Dakar Rally 2022, Stage 11: Seth Quintero sets record with 11th victory in light prototype


Seth Quintero set a Dakar Rally record for victories Thursday by winning Stage 11 of the 2022 event.

The Red Bull Off-Road Junior Team driver won the 501-kilometer loop around Bisha, Saudia Arabia, by more than 15 minutes in his OT3-02, marking his ninth consecutive stage victory in light prototype and 11th overall.

The San Marcos, California, native broke the Dakar single-rally stage win record set by Pierre Lartigue during a 17-stage event in 1994 — more than eight years before Quintero, 19, was born.

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“It’s definitely a rewarding feeling,” Quintero said on the Dakar website. “Every day has just been an adventure in itself and I’ve just been trying to take it day-by-day. (Co-driver and navigator) Dennis (Zenz) has done an absolutely amazing job. I think I’ve been doing OK myself.

“It’s just been quite the adventure. For sure, Stage 2 definitely crosses my mind quite a bit, especially after a race, especially after a win, actually. It always crossed my mind that on Stage 2 if we had 30 less kilometers on that stage, we’d be looking pretty good right now.

Seth Quintero (Red Bull)

After winning the prologue and Stage 1, Quintero’s vehicle suffered a broken differential that left him 16 hours off the overall lead in light prototype. Though it left him out of class title contention, Quintero has won every stage since the mechanical failure, which he credits for changing his mentality and racing with more abandon.

“I could have been driving differently on these last 10 stages, and we might not have got any wins,” Quintero said. “I think it was a blessing in disguise. It took a lot of pressure off us, and I really just had a lot of fun for all the Dakar. We are now the sole record holder for the most stage wins on a single Dakar which is absolutely mind-blowing.

“We came here trying to break the record of being the youngest to ever win a Dakar but in the end we’ve broken another record.  Unfortunately, we’ll have to wait on the other record, but we’ll be back next year.”

It’s the second consecutive year that Quintero has set a Dakar Rally record. As a rookie last year, the teenager became the youngest stage winner in the endurance race’s 40-year history.

“Hopefully, next year we can break the record of being the youngest ever overall winner,” he said. “We’re just trying to break a few records, I guess.”

Elsewhere in Stage 11 of the 2022 Dakar Rally, which will conclude Friday :

–In the car category, Carlos Sainz notched the second consecutive stage victory for Team Audi (which also took third with Mattias Ekstrom in its electric hybrid).

“I’m happy with this stage,” said Sainz, who was 12th overall after his second stage victory this year. “It was a really difficult stage, and it had everything: camel grass, dunes, dunes, navigation, riverbeds and stones, so it was a really complete stage and quite difficult to open on.”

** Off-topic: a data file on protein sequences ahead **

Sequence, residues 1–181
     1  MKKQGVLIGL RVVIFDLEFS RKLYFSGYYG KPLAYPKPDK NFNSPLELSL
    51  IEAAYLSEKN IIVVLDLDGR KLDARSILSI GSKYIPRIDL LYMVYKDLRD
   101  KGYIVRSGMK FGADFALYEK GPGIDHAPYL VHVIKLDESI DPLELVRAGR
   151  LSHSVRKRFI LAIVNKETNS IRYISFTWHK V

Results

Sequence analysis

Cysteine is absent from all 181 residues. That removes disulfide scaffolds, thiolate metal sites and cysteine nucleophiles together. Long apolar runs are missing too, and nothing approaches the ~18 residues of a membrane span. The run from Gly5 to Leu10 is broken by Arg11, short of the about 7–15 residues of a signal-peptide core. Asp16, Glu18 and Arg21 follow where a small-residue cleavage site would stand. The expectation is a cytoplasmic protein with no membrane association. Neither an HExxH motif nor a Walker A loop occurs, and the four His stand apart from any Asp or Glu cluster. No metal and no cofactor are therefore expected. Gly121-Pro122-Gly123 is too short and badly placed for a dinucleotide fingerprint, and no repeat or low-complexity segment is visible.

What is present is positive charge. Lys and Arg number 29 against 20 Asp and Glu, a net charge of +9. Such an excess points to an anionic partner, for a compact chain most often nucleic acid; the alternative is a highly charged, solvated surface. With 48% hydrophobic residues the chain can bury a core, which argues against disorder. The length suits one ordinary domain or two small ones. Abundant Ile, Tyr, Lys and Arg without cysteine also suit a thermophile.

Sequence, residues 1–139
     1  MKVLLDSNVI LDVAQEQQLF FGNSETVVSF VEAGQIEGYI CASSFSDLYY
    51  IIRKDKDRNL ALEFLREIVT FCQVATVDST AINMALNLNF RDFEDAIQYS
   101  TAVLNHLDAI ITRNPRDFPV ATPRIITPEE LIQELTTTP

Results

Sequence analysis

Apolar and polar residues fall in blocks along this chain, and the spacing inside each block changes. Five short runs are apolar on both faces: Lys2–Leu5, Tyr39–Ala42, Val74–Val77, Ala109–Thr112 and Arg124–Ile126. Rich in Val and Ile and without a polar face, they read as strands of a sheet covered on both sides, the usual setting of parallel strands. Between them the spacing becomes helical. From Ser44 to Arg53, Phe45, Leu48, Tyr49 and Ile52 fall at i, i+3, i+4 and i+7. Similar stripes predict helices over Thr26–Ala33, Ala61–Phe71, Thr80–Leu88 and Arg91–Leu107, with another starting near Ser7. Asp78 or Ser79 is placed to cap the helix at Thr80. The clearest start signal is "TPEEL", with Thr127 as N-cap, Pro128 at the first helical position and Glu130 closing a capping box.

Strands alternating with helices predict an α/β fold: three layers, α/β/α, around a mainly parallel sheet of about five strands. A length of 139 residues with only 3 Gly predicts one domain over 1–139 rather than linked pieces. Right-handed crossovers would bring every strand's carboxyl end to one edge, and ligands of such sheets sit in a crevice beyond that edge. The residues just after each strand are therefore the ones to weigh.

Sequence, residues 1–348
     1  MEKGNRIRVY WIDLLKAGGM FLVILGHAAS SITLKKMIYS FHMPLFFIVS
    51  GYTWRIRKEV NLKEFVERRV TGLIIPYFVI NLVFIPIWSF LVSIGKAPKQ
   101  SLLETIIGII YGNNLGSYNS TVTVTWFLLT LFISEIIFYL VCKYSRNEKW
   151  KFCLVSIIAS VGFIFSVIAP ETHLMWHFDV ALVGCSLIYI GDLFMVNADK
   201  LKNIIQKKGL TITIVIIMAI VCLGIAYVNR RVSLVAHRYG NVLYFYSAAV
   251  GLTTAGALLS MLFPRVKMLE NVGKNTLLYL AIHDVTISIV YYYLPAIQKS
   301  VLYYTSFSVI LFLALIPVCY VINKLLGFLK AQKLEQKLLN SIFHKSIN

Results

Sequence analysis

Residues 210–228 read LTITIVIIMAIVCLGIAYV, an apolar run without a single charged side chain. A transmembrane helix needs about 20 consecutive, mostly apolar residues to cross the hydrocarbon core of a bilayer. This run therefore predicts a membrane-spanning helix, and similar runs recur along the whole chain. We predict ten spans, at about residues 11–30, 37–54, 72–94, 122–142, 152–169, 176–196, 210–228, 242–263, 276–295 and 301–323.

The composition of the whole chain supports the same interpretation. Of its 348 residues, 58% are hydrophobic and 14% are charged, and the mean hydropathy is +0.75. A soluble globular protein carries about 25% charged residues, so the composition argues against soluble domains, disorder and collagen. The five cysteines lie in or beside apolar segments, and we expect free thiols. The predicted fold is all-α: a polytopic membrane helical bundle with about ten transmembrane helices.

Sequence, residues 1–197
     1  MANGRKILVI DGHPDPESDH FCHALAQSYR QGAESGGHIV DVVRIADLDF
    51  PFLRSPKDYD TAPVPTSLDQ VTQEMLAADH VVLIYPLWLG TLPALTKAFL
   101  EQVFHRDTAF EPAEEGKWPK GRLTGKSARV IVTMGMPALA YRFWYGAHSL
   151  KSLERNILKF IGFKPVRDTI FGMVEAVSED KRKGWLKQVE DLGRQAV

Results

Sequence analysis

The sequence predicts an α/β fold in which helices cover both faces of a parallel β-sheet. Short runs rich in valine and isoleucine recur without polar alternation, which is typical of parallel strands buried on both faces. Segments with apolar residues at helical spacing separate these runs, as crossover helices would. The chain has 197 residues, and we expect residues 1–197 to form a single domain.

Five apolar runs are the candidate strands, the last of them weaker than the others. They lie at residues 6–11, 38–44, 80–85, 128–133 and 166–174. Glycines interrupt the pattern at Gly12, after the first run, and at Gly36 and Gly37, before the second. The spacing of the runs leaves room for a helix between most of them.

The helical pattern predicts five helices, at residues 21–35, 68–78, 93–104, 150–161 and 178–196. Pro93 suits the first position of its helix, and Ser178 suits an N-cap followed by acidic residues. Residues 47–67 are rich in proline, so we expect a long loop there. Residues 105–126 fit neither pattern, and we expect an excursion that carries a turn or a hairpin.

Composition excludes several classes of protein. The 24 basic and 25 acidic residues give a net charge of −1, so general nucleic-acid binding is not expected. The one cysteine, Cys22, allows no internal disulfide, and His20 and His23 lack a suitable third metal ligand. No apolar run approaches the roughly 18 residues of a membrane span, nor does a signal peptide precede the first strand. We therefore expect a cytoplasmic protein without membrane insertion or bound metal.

With a seventh-place finish, three-time Dakar Rally champion Nasser Al-Attiyah continued to hold the overall lead by more than 33 minutes over Sebastien Loeb (who received a time penalty Thursday and placed eighth).

“We are in a good way,” Al-Attiyah said. “Tomorrow is a shorter stage. We just need to continue like this on the same pace. It is very important to win this race.

“It’s been good. From the beginning, we have been leading every day we have been gaining time. To control the Dakar is not easy, but I think we have a lot of experience now and we just need to manage the situation and to finish. You don’t need to win every day. We won on Day 1 and made a good time day by day until the rest day, when we were around forty-five minutes ahead. Now we just need to be really careful all the way, and this is what we’ll do.”

–A day after a mechanical failure ended his hope of defending his 2021 class title, Kevin Benavides won Stage 11 in the bike category.

Sam Sunderland retook the overall class lead while 2020 Dakar Rally bike winner Ricky Brabec finished fifth in the stage to improve to sixth overall, tops among American riders.

–In SSV, Gerard Farres Guell reclaimed first overall from Austin Jones, who battled transmission problems and fell 1 minute, 41 seconds off the lead with a sixth in Stage 11 of the 2022 Dakar Rally after starting with a lead of over 12 minutes.

“This day was definitely the hardest so far,” said Jones, who is trying to become the youngest American to win a Dakar class. “We lost the front diff with about 100 kilometers to go, so we were on two-wheel drive and we had to get out and fix that and then we had to get through all those big dunes. Basically, all the rest of the stuff was two-wheel drive. It wasn’t too easy, but we made it, obviously, and we only gave up however much time we’ve lost. We’re not in a bad spot for the last day, so we’ll see what we can do. Chasing definitely makes it a little bit harder. The Dakar is extremely cruel. We have just got to stay positive. It’s definitely stressful. It’s not a good feeling, but anything can happen, so we’ll see”.